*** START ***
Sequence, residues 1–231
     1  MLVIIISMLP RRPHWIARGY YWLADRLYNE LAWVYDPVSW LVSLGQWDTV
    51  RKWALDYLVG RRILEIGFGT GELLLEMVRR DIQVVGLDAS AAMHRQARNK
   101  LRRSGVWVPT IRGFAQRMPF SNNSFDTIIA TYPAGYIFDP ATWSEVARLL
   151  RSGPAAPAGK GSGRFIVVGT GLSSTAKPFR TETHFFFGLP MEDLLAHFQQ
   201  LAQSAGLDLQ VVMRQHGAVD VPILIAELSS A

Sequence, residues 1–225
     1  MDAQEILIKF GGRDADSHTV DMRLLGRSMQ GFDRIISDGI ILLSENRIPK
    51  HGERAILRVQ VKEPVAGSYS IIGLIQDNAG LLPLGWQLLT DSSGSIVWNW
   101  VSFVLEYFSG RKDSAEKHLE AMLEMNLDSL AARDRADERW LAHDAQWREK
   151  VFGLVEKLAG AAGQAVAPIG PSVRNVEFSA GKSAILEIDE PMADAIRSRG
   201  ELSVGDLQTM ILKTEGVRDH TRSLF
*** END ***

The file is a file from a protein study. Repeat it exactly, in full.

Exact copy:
Sequence, residues 1–231
     1  MLVIIISMLP RRPHWIARGY YWLADRLYNE LAWVYDPVSW LVSLGQWDTV
    51  RKWALDYLVG RRILEIGFGT GELLLEMVRR DIQVVGLDAS AAMHRQARNK
   101  LRRSGVWVPT IRGFAQRMPF SNNSFDTIIA TYPAGYIFDP ATWSEVARLL
   151  RSGPAAPAGK GSGRFIVVGT GLSSTAKPFR TETHFFFGLP MEDLLAHFQQ
   201  LAQSAGLDLQ VVMRQHGAVD VPILIAELSS A

Sequence, residues 1–225
     1  MDAQEILIKF GGRDADSHTV DMRLLGRSMQ GFDRIISDGI ILLSENRIPK
    51  HGERAILRVQ VKEPVAGSYS IIGLIQDNAG LLPLGWQLLT DSSGSIVWNW
   101  VSFVLEYFSG RKDSAEKHLE AMLEMNLDSL AARDRADERW LAHDAQWREK
   151  VFGLVEKLAG AAGQAVAPIG PSVRNVEFSA GKSAILEIDE PMADAIRSRG
   201  ELSVGDLQTM ILKTEGVRDH TRSLF